SCOTUS lowers wall between church and state with school ruling

The Supreme Court of the United States. Credit Wikimedia Commons

The Supreme Court of the United States. Credit Wikimedia Commons

The Supreme Court, in a 5-4 split along ideological lines, ruled Tuesday that states can not bar religious organizations from accessing government money available to others, a decision that Justice Sonya Sotomayor described as "perverse" but was cheered by conservatives and school choice advocates such as Education Secretary Betsy DeVos. The brief said the discrimination called for in the state court's ruling "violates the fundamental principles of the [First Amendment's religion clauses]: Government neutrality and private choice in matters of religion".

Writing for the conservative majority, Chief Justice John Roberts said the ban "discriminated against religious schools and the families whose children attend or hope to attend them in violation" of the U.S. Constitution's free exercise of religion clause. "Extremist special interests are manipulating our tax code to rob Montana children of quality education while padding the pockets of those who run exclusive, discriminatory private schools", union president Amanda Curtis said.

"A State need not subsidize private education", he said, "but once a State decides to do so, it can not disqualify some private schools exclusively because they are religious".

In 2016, Rep. Ron Nate, R-Rexburg, pushed a constitutional amendment to Idaho's Blaine Amendment. They generally forbid the colonial American practice of using local tax dollars for explicitly Christian schooling. State constitutions have similar provisions.

The amendments' goal was to keep Catholics from accessing the same community funding for raising their children in their beliefs that Protestants enjoyed.

"The Free Exercise Clause "protects religious observers against unequal treatment" and against 'laws that impose special disabilities on the basis of religious status, ' Roberts wrote, citing a previous court decision on religious liberty". "At a time when public schools nationwide already are grappling with protecting and providing for students despite a pandemic and mounting budget shortfalls, the court has made things even worse opening the door for further attacks on state decisions not to fund religious schools", said NEA president Lily Eskelsen García.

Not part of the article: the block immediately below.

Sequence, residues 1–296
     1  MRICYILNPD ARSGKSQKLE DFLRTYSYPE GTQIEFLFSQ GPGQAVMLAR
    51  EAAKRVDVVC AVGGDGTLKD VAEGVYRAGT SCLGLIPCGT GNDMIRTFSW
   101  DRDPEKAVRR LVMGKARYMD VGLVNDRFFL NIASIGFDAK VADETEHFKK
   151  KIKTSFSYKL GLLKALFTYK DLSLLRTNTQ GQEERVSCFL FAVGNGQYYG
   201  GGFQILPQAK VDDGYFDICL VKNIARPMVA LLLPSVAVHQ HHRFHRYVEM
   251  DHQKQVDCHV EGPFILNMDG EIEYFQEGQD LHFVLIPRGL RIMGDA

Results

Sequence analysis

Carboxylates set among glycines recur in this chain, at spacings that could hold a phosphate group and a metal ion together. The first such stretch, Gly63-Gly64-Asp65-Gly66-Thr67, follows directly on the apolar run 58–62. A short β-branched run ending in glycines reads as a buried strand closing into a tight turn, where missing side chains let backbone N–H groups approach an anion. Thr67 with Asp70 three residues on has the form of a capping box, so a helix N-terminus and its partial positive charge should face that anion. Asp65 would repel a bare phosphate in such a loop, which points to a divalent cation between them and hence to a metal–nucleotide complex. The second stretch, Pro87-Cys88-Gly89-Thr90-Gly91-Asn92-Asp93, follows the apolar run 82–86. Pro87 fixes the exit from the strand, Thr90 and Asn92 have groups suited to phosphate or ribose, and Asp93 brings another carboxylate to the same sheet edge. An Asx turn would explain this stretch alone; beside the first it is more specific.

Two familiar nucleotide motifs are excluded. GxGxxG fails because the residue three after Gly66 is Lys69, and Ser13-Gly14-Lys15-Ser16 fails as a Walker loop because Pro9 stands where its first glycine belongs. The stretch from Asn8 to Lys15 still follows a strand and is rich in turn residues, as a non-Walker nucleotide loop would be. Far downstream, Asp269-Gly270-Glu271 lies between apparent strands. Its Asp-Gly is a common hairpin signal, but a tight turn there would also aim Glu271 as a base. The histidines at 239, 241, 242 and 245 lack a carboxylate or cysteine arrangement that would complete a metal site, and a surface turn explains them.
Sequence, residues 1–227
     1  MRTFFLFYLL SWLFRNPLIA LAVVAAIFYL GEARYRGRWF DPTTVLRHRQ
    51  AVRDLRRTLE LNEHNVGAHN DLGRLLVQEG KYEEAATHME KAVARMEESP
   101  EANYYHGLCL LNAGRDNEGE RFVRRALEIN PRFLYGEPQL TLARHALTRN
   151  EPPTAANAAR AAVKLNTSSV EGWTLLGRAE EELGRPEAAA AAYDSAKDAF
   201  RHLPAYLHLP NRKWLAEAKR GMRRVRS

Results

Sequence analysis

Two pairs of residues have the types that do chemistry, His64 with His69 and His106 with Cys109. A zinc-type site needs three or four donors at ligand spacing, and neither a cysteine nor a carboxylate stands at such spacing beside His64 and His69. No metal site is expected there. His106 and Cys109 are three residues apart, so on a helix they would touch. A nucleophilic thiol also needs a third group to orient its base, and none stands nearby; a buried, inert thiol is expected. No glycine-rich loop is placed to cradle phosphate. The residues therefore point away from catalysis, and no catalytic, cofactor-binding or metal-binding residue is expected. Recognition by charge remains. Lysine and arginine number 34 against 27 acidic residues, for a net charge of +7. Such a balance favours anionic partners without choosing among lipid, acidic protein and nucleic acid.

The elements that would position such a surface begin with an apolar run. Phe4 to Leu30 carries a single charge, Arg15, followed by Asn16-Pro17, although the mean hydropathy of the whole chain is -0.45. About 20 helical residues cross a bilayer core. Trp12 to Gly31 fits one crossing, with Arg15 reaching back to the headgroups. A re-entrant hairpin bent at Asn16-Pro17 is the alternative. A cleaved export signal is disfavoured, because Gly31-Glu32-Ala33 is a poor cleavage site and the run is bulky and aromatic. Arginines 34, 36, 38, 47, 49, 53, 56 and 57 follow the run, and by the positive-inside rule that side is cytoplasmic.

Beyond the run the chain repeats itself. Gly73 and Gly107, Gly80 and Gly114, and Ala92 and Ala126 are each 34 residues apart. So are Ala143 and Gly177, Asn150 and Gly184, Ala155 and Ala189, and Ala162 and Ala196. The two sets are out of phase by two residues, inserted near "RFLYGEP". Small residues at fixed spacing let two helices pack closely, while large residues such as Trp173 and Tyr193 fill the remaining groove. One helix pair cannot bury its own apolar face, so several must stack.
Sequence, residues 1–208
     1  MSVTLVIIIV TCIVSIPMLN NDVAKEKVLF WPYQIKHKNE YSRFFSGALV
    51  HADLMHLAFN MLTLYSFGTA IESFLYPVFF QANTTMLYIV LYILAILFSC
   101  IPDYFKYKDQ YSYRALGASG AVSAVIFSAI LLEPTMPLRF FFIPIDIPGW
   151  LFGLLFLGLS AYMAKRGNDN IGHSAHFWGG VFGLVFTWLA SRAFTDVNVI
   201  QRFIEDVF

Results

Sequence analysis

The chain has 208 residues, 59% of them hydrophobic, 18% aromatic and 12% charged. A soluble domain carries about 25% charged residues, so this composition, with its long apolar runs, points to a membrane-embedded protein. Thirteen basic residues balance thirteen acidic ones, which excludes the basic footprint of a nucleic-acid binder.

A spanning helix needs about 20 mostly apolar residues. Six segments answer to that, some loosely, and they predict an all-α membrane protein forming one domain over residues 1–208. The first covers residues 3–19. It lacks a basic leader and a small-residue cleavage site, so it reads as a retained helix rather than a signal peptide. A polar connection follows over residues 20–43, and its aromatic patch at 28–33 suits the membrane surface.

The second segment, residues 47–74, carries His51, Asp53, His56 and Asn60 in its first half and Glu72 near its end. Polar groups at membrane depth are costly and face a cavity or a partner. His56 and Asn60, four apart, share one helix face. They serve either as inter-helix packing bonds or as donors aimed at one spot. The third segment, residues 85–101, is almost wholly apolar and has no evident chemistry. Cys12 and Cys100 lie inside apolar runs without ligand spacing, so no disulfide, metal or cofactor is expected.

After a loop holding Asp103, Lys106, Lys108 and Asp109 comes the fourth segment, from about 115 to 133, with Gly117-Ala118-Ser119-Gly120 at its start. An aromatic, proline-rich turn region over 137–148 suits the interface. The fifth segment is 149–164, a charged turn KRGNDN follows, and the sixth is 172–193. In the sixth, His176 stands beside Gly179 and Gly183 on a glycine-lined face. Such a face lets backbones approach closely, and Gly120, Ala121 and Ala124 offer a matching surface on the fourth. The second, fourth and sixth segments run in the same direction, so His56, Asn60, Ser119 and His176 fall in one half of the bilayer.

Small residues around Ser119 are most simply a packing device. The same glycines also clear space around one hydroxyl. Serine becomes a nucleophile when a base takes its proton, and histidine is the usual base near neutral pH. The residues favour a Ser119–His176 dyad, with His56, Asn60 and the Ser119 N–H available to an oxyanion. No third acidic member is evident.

The case is Espinoza v. Montana Department of Revenue.

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"Government funding to religious schools requires taxpayers to support religious institutions and beliefs that may violate their own, something the First Amendment was meant to avoid", Rabbi Jonah Pesner, director of the Religious Action Center of Reform Judaism, said in a statement.

The Trinity Lutheran decision came to "the "unremarkable" conclusion that disqualifying otherwise eligible recipients from a public benefit "solely due to their religious character" imposes 'a penalty on the free exercise of religion that triggers the most exacting scrutiny, '" Roberts wrote.

During oral arguments five months ago, Justices Alito and Kavanaugh spoke of the anti-religious, and particularly anti-Roman Catholic, bias of the so-called Blaine Amendment, a failed amendment to the U.S. Constitution that would have prohibited direct government aid to educational institutions with religious affiliations. For three moms with children at the Stillwater Christian School, the scholarship funds were crucial in enabling them to afford the school's tuition. "All of America's children deserve a first-rate education".

It would also be key in reversing the nation's loss of its historic saturation in Christianity, since common sense and research indicate that "the now best-supported argument for why religion has declined around the world" is government-run education, as researcher Lyman Stone wrote in a recent review of such research.

"Members of the faith should fund those religious schools, not the taxpayers", said Laser, who is Jewish.

Religious freedom advocates widely applauded the court's ruling. Virtue is the core underpinning to republican government. This represents an enormous choice gap in American education.

The Montana Association of Rabbis argued that the scholarship program violated the Free Exercise clause by using taxpayer money to pay for religious education.

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